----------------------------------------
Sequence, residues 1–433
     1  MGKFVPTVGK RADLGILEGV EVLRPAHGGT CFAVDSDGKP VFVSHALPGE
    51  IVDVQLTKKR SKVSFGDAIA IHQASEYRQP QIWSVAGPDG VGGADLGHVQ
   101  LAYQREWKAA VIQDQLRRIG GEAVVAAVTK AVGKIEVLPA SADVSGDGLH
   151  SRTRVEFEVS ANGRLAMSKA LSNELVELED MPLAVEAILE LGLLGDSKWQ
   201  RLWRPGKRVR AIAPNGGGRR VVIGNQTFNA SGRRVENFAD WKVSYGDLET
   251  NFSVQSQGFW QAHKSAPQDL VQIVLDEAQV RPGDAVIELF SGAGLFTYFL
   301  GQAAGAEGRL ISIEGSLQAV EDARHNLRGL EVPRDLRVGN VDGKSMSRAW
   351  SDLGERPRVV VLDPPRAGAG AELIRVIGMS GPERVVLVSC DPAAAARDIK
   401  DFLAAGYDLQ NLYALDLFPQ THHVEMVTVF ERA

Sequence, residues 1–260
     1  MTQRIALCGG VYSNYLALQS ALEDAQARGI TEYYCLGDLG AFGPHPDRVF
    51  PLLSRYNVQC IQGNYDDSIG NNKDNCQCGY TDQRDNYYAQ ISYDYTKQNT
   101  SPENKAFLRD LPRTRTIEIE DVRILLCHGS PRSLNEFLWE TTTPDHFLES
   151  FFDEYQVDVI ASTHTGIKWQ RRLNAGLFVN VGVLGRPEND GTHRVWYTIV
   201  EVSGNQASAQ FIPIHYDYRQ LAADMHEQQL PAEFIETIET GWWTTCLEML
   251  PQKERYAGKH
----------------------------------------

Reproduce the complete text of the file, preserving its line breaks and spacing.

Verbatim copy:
Sequence, residues 1–433
     1  MGKFVPTVGK RADLGILEGV EVLRPAHGGT CFAVDSDGKP VFVSHALPGE
    51  IVDVQLTKKR SKVSFGDAIA IHQASEYRQP QIWSVAGPDG VGGADLGHVQ
   101  LAYQREWKAA VIQDQLRRIG GEAVVAAVTK AVGKIEVLPA SADVSGDGLH
   151  SRTRVEFEVS ANGRLAMSKA LSNELVELED MPLAVEAILE LGLLGDSKWQ
   201  RLWRPGKRVR AIAPNGGGRR VVIGNQTFNA SGRRVENFAD WKVSYGDLET
   251  NFSVQSQGFW QAHKSAPQDL VQIVLDEAQV RPGDAVIELF SGAGLFTYFL
   301  GQAAGAEGRL ISIEGSLQAV EDARHNLRGL EVPRDLRVGN VDGKSMSRAW
   351  SDLGERPRVV VLDPPRAGAG AELIRVIGMS GPERVVLVSC DPAAAARDIK
   401  DFLAAGYDLQ NLYALDLFPQ THHVEMVTVF ERA

Sequence, residues 1–260
     1  MTQRIALCGG VYSNYLALQS ALEDAQARGI TEYYCLGDLG AFGPHPDRVF
    51  PLLSRYNVQC IQGNYDDSIG NNKDNCQCGY TDQRDNYYAQ ISYDYTKQNT
   101  SPENKAFLRD LPRTRTIEIE DVRILLCHGS PRSLNEFLWE TTTPDHFLES
   151  FFDEYQVDVI ASTHTGIKWQ RRLNAGLFVN VGVLGRPEND GTHRVWYTIV
   201  EVSGNQASAQ FIPIHYDYRQ LAADMHEQQL PAEFIETIET GWWTTCLEML
   251  PQKERYAGKH